Nick Westby met Richard Dunn on the eve of the late Muhammad Ali’s 70th birthday four years ago. Here is the full story.
Halifax-born Richard Dunn gave the Louisville Lip as good as he got.
All the taunting and whimsical jibes of Muhammad Ali were met with a defiant response from the gritty Yorkshireman.
Dunn even wrote a poem and recited it to the greatest of them all ahead of their bout in Munich, on May 24, 1976.
“Muhammad Ali, I think yer a square, I’m gonna retire you to a rocking chair.
“At 34, you ain’t so young, yer gonna get whupped, by Richard Dunn.”
Dunn recalled the verbal sparring. “He spoke a lot and I spoke a lot back. Unfortunately, there’s not much of what I said that can go into print. He was a master at it.”
There was not much Ali did not master in a monumental, era-defining career. As Dunn found to his frustration, Ali proved far superior in the ring, knocking down the Yorkshire boxer five times in five rounds.
Ali’s fight with Dunn – sandwiched between more storied contests with the greats of the division and, indeed, of boxing history – is unlikely to be the first that springs to mind.
Yet for Dunn, even though it ended in defeat, it is the fight for which he is best remembered, purely for the status of his opponent.
It was also a fight for which Dunn was handsomely rewarded, not to the tune of the millions of pounds or dollars boxers receive nowadays, but enough to let the then 31-year-old splash out on his family.
“I still remember it fondly,” said Dunn, who was featured in a documentary on Ali’s birthday on ITV. “I don’t think about it until someone mentions it and I start talking about it again.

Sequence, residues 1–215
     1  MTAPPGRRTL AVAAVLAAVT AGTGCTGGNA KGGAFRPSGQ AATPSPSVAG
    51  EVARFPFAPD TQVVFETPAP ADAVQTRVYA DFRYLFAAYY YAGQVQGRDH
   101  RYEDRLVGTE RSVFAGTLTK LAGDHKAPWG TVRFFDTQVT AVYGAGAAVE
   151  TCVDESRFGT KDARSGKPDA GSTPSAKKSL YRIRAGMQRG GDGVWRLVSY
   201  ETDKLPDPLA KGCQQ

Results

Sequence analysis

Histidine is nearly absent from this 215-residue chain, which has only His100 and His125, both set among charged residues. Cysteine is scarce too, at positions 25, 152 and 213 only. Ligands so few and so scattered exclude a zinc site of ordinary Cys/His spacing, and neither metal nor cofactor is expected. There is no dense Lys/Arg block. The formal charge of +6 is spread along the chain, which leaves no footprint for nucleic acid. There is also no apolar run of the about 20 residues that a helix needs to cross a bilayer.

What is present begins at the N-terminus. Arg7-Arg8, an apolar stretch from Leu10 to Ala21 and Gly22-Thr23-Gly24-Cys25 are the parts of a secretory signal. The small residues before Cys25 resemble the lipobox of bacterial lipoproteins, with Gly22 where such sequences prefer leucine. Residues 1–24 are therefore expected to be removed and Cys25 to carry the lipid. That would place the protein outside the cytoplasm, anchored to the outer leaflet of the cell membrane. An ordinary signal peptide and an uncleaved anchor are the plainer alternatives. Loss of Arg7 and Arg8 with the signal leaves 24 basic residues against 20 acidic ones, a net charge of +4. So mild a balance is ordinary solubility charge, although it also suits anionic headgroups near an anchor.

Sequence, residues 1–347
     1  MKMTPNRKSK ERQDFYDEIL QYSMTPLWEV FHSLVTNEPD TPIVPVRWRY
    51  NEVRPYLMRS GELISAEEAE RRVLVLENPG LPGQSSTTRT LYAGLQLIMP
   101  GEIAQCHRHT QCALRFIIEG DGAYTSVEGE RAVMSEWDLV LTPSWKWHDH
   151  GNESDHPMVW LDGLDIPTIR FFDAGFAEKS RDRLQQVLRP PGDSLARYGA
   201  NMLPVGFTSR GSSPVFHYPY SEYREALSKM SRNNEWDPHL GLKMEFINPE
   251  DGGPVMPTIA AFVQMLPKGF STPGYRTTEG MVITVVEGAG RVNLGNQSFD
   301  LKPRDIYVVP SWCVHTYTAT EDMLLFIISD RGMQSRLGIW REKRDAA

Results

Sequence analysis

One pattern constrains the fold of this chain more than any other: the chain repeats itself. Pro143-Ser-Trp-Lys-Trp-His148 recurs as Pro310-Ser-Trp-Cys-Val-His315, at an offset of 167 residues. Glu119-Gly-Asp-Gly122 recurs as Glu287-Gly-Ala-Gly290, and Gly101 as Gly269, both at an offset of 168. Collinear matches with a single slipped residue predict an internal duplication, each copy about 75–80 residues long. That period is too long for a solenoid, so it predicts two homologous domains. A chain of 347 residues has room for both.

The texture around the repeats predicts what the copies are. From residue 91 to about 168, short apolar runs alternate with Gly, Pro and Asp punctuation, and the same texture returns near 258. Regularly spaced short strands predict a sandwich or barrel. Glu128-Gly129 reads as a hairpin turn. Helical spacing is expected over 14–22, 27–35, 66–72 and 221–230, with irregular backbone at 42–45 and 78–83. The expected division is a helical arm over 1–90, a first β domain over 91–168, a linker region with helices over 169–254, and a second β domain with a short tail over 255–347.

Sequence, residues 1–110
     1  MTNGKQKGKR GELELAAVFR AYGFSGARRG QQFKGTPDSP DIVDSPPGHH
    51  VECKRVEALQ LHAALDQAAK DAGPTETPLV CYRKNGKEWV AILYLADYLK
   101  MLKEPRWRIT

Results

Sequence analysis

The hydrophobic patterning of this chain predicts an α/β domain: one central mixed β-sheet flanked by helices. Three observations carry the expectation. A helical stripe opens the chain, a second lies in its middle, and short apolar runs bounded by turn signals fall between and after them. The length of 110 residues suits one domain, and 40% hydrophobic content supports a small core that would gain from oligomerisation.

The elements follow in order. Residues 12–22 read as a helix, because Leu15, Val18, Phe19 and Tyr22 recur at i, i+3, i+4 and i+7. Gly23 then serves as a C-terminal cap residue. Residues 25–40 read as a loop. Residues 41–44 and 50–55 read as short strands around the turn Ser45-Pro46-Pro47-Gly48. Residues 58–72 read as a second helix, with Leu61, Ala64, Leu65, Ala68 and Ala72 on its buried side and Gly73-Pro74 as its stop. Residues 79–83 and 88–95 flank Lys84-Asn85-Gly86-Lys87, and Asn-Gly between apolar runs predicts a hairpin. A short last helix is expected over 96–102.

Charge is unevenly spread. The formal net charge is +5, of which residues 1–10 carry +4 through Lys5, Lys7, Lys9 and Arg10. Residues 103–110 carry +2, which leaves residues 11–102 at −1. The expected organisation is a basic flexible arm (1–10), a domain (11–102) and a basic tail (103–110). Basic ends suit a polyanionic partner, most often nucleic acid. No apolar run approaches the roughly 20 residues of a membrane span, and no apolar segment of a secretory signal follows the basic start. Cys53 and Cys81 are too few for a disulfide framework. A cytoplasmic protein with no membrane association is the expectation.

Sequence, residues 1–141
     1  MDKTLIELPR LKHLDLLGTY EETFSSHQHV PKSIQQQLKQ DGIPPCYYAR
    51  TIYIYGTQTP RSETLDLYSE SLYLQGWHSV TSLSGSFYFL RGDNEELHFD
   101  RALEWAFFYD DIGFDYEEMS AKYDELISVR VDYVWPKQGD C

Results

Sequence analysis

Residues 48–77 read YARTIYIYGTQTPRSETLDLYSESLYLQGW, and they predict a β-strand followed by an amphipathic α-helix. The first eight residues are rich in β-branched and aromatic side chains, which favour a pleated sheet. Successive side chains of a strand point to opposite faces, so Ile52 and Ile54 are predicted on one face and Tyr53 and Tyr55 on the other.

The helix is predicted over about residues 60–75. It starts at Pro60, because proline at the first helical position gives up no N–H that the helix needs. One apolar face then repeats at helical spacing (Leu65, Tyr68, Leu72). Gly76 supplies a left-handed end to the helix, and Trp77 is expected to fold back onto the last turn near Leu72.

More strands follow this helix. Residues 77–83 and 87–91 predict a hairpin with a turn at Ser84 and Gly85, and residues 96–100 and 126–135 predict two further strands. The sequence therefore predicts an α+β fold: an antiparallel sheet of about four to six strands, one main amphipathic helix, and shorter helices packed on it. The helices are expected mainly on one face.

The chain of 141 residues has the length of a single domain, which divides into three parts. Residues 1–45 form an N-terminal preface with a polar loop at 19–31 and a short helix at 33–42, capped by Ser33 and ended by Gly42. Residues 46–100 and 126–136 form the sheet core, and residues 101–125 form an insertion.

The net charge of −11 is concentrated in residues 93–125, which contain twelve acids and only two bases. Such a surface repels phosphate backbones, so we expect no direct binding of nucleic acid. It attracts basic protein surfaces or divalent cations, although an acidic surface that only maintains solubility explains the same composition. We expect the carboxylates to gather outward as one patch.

“But it certainly was a fantastic occasion.
“I’d worked hard to get there. It certainly didn’t come easy.
“I’d won the British, Commonwealth and European titles – not many British heavyweights have done that.
“But I enjoyed every minute of that fight. It was a fantastic place to fight, the Olympic hall in Munich.
“Ali wasn’t fit against Jimmy Young (in his previous fight) and I thought if he came in at the same standard against me I’d have had a chance. But he came in absolutely 100 per cent.
“I was nervous, but no more so than in any other fight.
“I wasn’t any more nervous than if I was fighting an amateur,” said Dunn, one-time heavyweight champion of Europe, Great Britain, and the Commonwealth.
“It was a great occasion to be involved in, but I wish I was remembered for all of my fights.”
Ali and Dunn’s stories remain intertwined. Parkinson’s disease, which ravaged arguably the greatest sportsmen of his generation for the best part of three decades, is an affliction whose charity Dunn supports today.
He is the president of the Parkinson’s Association in Scarborough.
“It is a terrible illness,” he says.
“Ali has had a long battle with it, but you can’t put it all down to boxing.
“I’m not president of the association necessarily because Ali suffers from Parkinson’s.
“Even if I hadn’t have fought him, I’d have still said ‘yes’ when asked to be president, because it’s a worthy cause. Ali has done really well with it.”
Dunn is still regarded well. He has a sports centre in Bradford named after him and he is president of Scarborough Amateur Boxing Club.
“I don’t get to the gym much any more, I’m not as able-bodied as I used to be,” he says.
“I go to our meetings and we’ve got some very good kids at the gym.”
Dunn won 33 of his 45 fights, 12 by knockout, retiring from the ring in 1977.
But it was his five rounds with Ali for which he is most frequently remembered.
•Nick Westby was talking to Richard Dunn on the eve of the late Muhammad Ali’s 70th birthday four years ago.